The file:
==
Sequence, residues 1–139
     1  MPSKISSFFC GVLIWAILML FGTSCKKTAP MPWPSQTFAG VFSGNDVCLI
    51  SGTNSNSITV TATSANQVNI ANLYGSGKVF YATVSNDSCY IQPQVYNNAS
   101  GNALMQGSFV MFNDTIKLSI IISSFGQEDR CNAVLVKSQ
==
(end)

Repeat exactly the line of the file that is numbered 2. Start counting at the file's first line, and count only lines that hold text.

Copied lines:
     1  MPSKISSFFC GVLIWAILML FGTSCKKTAP MPWPSQTFAG VFSGNDVCLI